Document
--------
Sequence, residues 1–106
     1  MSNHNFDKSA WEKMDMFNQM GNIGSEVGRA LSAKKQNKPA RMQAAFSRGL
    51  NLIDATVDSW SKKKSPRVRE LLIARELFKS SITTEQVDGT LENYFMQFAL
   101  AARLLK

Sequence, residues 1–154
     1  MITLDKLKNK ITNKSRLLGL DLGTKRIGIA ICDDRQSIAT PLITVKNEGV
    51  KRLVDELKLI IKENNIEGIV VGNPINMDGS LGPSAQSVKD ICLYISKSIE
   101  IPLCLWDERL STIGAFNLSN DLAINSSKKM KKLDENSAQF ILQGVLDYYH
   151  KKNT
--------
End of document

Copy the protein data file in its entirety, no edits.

Sequence, residues 1–106
     1  MSNHNFDKSA WEKMDMFNQM GNIGSEVGRA LSAKKQNKPA RMQAAFSRGL
    51  NLIDATVDSW SKKKSPRVRE LLIARELFKS SITTEQVDGT LENYFMQFAL
   101  AARLLK

Sequence, residues 1–154
     1  MITLDKLKNK ITNKSRLLGL DLGTKRIGIA ICDDRQSIAT PLITVKNEGV
    51  KRLVDELKLI IKENNIEGIV VGNPINMDGS LGPSAQSVKD ICLYISKSIE
   101  IPLCLWDERL STIGAFNLSN DLAINSSKKM KKLDENSAQF ILQGVLDYYH
   151  KKNT